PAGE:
Erdemt’s hometown Xi Wuqi, a city of 70,000 flush against the grasslands, was built to help sustain the mining boom. The tiny Han-owned boutiques that line its broad, well-paved thoroughfares are so new that their interiors smell like fresh paint. Five years ago, its residents say, it was little more than a cluster of one-story red-brick homes.
Shamanism is among the world’s oldest religions, dating back as far as the paleolithic era, and many of Erdemt’s clients see him as an embodiment of a timeless order that was devastated by the boom. “In the past, living a pastoral life was the purest way to be in touch with nature — to absorb its energy,” said Nisu Yila, a professional Mongolian wrestler in Xi Wuqi, as he sat on the shaman’s living room couch wearing a traditional deel robe and a cowboy hat. “But bit by bit, that kind of life began to disappear. And we began to panic.” The shaman, he said, reminds him of what China’s Mongolians have lost. “He’s like a short cut,” he said.
Experts say that this sentiment — the desire to reconnect with a forgotten past — is nearly ubiquitous in China, a natural byproduct of rapid change. “Because of modernization, and now urbanization, traditional culture is vanishing and being replaced by western culture, and under such conditions, people realize that these things are worth protecting,” said Tian Qing, the head of the Chinese Intangible Cultural Heritage Protection Centre and a prominent adviser to the government on cultural affairs.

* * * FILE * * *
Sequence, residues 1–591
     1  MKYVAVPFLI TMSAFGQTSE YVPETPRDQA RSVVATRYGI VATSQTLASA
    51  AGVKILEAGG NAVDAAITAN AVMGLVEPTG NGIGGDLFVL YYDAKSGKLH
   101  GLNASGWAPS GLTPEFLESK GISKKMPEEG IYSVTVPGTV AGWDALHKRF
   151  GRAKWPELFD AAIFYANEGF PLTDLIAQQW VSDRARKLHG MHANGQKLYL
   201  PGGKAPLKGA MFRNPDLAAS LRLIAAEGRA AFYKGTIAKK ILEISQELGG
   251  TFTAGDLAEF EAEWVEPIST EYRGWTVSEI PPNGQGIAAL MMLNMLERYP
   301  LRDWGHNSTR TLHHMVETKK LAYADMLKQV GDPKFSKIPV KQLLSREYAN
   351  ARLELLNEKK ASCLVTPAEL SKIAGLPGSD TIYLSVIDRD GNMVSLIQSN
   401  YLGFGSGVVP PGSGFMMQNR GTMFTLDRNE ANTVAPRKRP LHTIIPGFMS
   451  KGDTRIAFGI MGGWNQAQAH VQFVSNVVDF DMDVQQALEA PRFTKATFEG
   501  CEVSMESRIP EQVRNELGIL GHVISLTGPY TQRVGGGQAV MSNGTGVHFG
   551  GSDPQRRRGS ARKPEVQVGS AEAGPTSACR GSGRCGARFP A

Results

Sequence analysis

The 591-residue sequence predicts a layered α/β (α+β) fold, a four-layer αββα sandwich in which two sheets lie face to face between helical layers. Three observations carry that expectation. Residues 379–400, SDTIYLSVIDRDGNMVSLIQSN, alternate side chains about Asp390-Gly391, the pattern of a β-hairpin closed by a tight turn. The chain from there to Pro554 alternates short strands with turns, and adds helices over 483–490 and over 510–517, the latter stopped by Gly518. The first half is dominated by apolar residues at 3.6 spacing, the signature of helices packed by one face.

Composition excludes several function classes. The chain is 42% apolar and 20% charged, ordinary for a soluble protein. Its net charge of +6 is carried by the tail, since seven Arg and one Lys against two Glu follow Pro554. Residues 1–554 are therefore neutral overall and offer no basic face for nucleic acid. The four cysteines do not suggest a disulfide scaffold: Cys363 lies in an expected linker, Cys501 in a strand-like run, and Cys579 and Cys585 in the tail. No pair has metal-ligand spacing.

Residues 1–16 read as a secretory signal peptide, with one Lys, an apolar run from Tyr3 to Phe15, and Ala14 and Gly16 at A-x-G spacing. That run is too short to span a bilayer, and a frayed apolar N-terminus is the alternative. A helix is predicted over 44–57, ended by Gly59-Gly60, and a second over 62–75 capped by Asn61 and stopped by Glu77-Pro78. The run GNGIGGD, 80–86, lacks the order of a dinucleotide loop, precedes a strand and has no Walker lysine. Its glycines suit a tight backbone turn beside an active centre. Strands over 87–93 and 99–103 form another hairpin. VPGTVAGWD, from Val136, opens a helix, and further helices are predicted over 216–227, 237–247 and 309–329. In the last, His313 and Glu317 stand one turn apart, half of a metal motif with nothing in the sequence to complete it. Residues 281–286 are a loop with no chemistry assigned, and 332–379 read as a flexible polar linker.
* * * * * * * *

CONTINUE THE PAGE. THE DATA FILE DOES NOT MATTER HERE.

“Right now, Chinese society is like a pot of soup, and it’s boiling over the top. Have you ever cooked? You think that’s not going to hurt you? People here get psychological problems. There’s pressure. There’s difficulty. And so they look towards religion for comfort.”
Tian quoted a Tang dynasty poem to underscore his point: “Even a prairie fire can’t destroy the grass; it just grows again when the spring breeze blows.”
While Erdemt’s social role may be timeless, his professional duties — the therapy-like sessions and ebullient rituals — are inexorably modern. He provides solace to white-collar job seekers and helps local officials assess the spiritual implications of approving new mines. He understands that there are lines he cannot cross.
“The government, they don’t formally acknowledge me the way they acknowledge other religions,” he says. “But as long as I don’t do anything illegal — or at least, what they’d consider illegal — they won’t limit me.” Pamphlets and broadcasts are strictly out of bounds. Although he’s careful to couch his ethnic sentiments in benign terms, he refuses to see Han clients. Most of them see his services as an investment, he says. They’re angered by weak returns.
Erdemt’s son Bao Lidao, a bespectacled 26-year-old with ruddy cheeks and an explosive laugh, is experiencing a quarter-life crisis. After graduating from university in the region’s capital city, Hohhot, Bao took a government job mediating between land-hungry railway ministry officials and the nomads they sought to displace.
The position overwhelmed him. The nomads were fickle — they’d be seduced by sizable compensation packages one day and reticent the next, aware that the cash was, unlike their land, ephemeral. Last year, he took a secretarial job with the Xi Wuqi government, and he finds the position stultifying. “These people, although they drive good cars, they eat well, they live well, they wear nice things ? I feel their hearts are empty,” he said.